Matthew Norman: Sometimes you can't keep the private out of public life

Blunkett has forfeited the right not only to privacy but to any role in public life
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The Independent Online

When the architects of New Labour social policy first embraced the phrase "public-private partnership", they cannot have conceived that its application would one day come to engulf David Blunkett in a whirlpool that threatens to drown his career.

With the Home Secretary, the hard bit is drawing out the dividing lines between what is private and what is public, and deciding how the two should and should not intersect.

For anyone who has missed the salient facts of Mr Blunkett's public-private saga, they are these. Several years ago this trusty swordsman of truth embarked on a sexual relationship with a woman, Kimberly Fortier, who had married another man some three months earlier. Ms Fortier, or Mrs Quinn as she has lately taken to styling herself, is - just about - the publisher of that infamous top-shelf mag, The Spectator.

It cannot be pleasant, to put it mildly, to find the most intimate details of one's life on the front pages of the newspapers. In the normal run of things, one would privately sympathise with Mrs Quinn and her astoundingly saintly husband, Stephen, wishing them luck in avoiding the landmines that Mr Blunkett seems determined to place in a marital path in no obvious need of further detonations.

One might even spare a kindly thought for Mr Blunkett, who is known to be tearfully heartbroken. The man may be a nasty bruiser, and his erosion of whatever remains of natural justice for the love of the right-wing press may be as nauseating a spectacle as British politics can throw up, yet you have to admire someone who has overturned such odds to reach such a high office.

However, Mr Blunkett himself famously loathes receiving special treatment for a disability he has done so brilliantly to neutralise ... and anyway, these are hardly the normal run of things. Mrs Quinn now accuses her erstwhile beau, among other alleged abuses of position, of fixing a visa application for the Filipina who tends to the two-year-old boy reportedly confirmed by DNA testing to be his son.

Mr Blunkett has transcended the conventional boundaries of the cabinet minister, and strayed into the strange and unlovely land of the daytime talk show guest. "David:" his caption on Trisha might read. "Forced Ex-Lover To Undergo DNA Testing And Rushed Through Visa For Own Child's Nanny."

This is not, of course, about the sex. Copping off with a woman who's barely had time to unpack her honeymoon suitcase does little credit to Mr Blunkett's finishing school, in strict truth, and if he did rush through the visa, it makes Peter Mandelson's involvement in the Hinduja passport application look more trifling than ever. Yet if Mr Blunkett had avoided moralising about family values, he might just be able to argue that little of this belongs in the public domain.

It's the hypocrisy, stupid. Five years ago, as Education Secretary, he announced that the national curriculum would strongly emphasise learning about the importance of marriage and the family. The new guidelines, he added, were part of a concerted attempt to make people accept responsibility for their actions. You might argue that, in seeking to establish paternity, he is living up to this aim, possibly through fear. That same year, Alistair Darling announced harsh penalties ("tough and tender" were Mr Blunkett's words for this approach to welfare reform) for feckless fathers who don't support their children.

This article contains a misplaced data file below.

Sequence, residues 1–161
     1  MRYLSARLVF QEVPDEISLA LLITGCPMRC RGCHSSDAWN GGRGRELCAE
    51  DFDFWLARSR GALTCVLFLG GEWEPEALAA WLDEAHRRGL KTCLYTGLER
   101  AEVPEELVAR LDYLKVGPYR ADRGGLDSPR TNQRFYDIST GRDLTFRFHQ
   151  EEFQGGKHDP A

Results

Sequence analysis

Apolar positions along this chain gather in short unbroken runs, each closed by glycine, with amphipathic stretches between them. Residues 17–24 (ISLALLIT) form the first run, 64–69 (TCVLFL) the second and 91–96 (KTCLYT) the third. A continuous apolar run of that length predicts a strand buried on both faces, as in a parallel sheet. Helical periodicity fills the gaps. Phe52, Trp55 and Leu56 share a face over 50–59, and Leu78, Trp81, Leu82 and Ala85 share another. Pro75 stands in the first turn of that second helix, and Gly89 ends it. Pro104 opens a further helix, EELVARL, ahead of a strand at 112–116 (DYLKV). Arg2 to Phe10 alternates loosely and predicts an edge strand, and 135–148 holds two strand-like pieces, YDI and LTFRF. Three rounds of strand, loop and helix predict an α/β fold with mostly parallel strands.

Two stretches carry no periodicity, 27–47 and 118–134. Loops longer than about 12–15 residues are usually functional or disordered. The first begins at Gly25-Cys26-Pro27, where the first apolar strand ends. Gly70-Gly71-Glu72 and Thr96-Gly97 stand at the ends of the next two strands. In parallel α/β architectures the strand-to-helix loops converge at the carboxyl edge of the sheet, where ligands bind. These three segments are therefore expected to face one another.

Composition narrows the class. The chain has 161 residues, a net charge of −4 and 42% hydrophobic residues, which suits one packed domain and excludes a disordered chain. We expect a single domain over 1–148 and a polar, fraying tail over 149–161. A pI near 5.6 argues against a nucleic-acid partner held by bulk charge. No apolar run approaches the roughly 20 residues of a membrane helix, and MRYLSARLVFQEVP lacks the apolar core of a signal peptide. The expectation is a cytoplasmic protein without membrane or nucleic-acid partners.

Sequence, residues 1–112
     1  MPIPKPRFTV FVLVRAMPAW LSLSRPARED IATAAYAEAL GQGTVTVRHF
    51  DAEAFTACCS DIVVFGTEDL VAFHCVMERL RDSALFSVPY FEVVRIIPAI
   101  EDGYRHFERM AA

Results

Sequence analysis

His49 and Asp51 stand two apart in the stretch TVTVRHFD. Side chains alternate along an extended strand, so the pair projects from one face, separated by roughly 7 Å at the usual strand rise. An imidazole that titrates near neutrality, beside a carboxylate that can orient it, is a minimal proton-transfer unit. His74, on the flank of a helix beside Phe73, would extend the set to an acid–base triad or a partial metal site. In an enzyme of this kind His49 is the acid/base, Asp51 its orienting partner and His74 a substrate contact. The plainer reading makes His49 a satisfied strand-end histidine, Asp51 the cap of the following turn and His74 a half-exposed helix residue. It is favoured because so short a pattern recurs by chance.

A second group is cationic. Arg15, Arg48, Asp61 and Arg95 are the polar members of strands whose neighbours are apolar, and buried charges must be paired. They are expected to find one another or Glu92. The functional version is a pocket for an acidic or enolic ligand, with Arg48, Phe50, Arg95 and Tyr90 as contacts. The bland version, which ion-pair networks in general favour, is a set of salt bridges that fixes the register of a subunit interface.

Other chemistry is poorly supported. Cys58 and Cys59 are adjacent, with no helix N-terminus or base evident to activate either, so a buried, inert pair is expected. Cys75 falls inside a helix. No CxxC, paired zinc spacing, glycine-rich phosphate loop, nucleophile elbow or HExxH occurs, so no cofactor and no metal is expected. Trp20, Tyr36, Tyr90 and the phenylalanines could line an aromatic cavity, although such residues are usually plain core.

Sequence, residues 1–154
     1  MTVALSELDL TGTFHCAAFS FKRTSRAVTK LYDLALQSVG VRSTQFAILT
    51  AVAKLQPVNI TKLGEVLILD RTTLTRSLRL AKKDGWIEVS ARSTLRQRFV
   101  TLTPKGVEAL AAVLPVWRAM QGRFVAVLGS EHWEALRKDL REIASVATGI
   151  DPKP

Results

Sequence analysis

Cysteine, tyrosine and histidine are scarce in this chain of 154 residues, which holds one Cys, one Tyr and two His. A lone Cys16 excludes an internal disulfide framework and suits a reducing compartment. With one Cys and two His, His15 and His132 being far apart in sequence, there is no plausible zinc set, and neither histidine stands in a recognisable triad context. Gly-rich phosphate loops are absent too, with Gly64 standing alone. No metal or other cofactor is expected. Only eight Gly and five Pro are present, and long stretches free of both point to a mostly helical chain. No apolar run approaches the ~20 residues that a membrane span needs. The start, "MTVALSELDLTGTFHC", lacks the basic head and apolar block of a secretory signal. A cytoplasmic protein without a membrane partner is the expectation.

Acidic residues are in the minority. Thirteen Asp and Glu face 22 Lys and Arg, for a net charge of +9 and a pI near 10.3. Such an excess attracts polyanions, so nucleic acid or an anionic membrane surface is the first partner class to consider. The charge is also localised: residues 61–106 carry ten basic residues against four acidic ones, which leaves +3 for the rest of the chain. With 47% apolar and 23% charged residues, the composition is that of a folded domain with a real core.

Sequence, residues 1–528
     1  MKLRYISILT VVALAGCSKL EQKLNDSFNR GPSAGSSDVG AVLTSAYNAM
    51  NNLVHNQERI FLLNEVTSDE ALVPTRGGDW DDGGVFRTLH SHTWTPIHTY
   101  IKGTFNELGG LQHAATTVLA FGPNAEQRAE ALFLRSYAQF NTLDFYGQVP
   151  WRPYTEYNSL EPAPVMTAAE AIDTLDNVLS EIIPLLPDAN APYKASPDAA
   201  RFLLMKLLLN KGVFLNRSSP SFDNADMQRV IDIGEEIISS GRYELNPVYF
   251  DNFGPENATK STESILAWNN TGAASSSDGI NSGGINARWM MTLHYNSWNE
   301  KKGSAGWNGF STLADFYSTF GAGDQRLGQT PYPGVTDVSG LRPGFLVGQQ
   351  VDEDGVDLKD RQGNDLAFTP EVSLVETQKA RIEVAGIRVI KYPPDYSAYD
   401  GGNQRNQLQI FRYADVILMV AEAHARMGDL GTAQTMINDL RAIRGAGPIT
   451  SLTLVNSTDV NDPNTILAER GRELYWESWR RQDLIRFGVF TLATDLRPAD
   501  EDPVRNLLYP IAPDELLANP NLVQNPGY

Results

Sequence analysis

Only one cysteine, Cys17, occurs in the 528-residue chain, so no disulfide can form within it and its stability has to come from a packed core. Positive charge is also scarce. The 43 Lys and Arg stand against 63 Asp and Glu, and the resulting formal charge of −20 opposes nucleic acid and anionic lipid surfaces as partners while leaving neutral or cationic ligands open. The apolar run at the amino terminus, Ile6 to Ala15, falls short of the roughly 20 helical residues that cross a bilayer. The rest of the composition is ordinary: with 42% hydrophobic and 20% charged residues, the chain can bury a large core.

"Morality is about the nature of our relationships to each other," he told Radio 4's The World At One at the time, while a Christian family values website approvingly quoted him saying: "Strong families and good parenting can enable young people to flourish."

In the dazzling light of such pieties, and the gloomy shade into which he has now cast them, a less arrogant character would have offered his resignation even before the latest allegations surfaced yesterday; and as moralistic a de facto Roman Catholic as the Prime Minister would have torn his hand off in accepting it.

A few months ago, in launching the latest "five-year plan" to beat crime, Mr Blunkett joined the PM in blaming "the permissive 1960s" for the social ills that beset us today, which brings us to the centrepiece of last week's Queen's Speech: the groovy biometric ID cards so urgently needed in the "war against terror" that they are scheduled to be introduced in nine years' time. One of the more transparent idiocies about the cards is that they cannot hope to catch those we are told are the gravest danger - the "sleepers" who embed themselves in society.

David Blunkett, it seems to me, must be a sleeper himself for the very permissiveness he publicly blames for society's ills. He lectures us about marital fidelity while covertly planning, even now deep into his fifties, to inject fresh meaning into that tired old phrase "Swinging Sixties".

Ultimately, as so often with a political downfall, the decisive issue is one of character. In his private and public lives, and in that increasingly chasmic grey area where the Venn diagram intersects, Mr Blunkett reveals himself as a spoilt, petulant bully and a crashing hypocrite. In doing so, he has forfeited the right not only to privacy, but also to any major role in public life.